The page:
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Problem with scanf()/gets()

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Walter Roberson wrote:
> Richard Tobin <(E-Mail Removed)> wrote:
>> <(E-Mail Removed)> wrote:

>>> I can not accept a string (without space) of length more than
>>> 127 whatever I do..
>>> Entry is restricted by 127 characters.

>> Do you mean input from a terminal? That may be limited by your
>> operating system.

> However,
> C89 4.9.2 Streams
> [...]
> Environmental Limits
> An implementation shall support text files with lines
> containing at least 254 characters, including the terminating
> new-line character. The value of the macro BUFSIZ shall be
> at least 256.
> As stdin is a stream and there is no exemption for stdin in the
> above, an implementation that does not support lines of at least
> 254 characters on stdin is non-conformant.


Nothing says how the backspace (or esc, or DEL etc.) keys are to be
handled. This means that there need not be any input line editing
ability. getc() simply returns the next character from that
stream. No buffer is needed. If the user wants a buffer, just
provide it. And ask your system documentation about how to get raw

The fact that users normally want line editing is of no interest.

Chuck F (cbfalconer at maineline dot net)
Try the download section.

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Richard Tobin
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In article <flk0bu$g7j$(E-Mail Removed)>,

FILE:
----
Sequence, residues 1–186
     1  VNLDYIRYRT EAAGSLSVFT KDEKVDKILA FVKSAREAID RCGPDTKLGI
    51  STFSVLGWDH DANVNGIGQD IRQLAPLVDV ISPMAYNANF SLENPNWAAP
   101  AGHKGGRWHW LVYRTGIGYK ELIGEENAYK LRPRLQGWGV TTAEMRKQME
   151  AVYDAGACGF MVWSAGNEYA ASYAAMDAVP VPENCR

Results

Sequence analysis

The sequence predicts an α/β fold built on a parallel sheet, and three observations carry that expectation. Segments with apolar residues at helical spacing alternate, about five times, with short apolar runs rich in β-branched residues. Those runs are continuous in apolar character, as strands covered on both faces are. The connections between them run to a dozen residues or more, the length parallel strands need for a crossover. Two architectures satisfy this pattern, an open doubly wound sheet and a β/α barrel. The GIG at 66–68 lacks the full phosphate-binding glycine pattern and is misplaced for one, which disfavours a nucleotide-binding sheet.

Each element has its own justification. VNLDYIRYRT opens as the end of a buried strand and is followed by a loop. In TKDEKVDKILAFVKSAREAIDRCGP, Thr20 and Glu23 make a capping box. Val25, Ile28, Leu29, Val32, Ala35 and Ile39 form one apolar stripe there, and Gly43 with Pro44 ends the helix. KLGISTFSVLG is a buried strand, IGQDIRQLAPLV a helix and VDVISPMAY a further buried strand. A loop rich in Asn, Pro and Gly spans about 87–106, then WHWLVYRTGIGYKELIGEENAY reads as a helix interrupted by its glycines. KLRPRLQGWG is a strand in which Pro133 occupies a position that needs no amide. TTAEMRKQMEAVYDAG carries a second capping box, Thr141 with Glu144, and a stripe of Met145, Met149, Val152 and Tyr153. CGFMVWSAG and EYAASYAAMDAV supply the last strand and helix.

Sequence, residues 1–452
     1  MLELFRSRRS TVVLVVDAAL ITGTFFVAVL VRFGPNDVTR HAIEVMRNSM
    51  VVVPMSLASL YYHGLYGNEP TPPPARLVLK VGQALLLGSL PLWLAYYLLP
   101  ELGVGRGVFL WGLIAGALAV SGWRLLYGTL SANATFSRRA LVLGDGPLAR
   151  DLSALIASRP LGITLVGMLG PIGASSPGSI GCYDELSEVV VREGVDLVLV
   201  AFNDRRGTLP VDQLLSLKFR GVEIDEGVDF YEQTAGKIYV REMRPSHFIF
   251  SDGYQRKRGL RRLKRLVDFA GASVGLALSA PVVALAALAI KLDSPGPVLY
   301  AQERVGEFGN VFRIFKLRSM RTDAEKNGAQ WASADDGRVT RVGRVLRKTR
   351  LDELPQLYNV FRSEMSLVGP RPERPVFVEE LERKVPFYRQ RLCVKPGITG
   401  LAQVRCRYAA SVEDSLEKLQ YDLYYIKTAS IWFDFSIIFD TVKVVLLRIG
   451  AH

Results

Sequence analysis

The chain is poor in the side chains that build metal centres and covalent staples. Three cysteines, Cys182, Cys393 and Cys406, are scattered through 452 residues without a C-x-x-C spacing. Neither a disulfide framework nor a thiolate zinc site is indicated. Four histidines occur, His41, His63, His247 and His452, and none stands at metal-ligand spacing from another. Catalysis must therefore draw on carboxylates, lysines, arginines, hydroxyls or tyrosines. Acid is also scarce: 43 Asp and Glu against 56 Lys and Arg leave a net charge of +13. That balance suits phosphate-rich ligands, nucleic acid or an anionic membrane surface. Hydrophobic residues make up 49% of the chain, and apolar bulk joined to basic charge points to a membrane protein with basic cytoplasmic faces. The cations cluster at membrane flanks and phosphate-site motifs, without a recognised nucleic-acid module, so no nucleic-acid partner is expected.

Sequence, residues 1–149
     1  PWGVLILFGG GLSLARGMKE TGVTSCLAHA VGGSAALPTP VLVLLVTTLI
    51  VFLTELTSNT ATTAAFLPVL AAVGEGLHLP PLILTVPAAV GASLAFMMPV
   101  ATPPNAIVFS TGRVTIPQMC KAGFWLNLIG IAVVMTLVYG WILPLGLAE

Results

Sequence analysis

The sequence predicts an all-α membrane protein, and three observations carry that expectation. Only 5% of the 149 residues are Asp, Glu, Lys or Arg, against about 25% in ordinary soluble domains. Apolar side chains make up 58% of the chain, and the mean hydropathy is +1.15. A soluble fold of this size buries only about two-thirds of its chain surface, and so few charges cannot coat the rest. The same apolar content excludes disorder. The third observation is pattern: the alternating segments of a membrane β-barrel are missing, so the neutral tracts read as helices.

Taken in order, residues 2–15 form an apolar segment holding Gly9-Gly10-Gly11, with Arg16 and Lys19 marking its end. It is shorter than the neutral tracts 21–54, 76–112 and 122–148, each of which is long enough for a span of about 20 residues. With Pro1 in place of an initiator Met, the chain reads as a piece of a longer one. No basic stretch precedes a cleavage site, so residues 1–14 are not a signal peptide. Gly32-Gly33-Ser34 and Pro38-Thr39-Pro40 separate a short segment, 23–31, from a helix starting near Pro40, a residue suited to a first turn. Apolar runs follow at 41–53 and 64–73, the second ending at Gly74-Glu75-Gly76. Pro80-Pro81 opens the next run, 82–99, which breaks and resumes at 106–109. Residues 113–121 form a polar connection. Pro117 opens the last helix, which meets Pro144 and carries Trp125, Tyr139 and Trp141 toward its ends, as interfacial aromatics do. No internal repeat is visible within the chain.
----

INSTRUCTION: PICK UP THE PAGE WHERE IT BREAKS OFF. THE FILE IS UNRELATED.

Walter Roberson <(E-Mail Removed)> wrote:

>>Suppose a bar-code reader produces data in the form of a short
>>sequence of digits followed by a linefeed. Surely attaching this to
>>my computer in such a way that it can be used as standard input
>>doesn't render my C compiler non-conformant?

>However, in such cases, it would not be the *operating system* that
>limited the input size below the mandated 254, it would be the
>input device's inability to produce additional characters.

The location of the boundary between operating system and device is
irrelevant to the conformance of the C implementation. if you contrive
to provide a long line on standard input, the C system will handle it.
That you can't do that by some particular method is none of the C
standard's business.

Do you think the compiler would be non-conformant if there weren't any
terminal devices?

-- Richard
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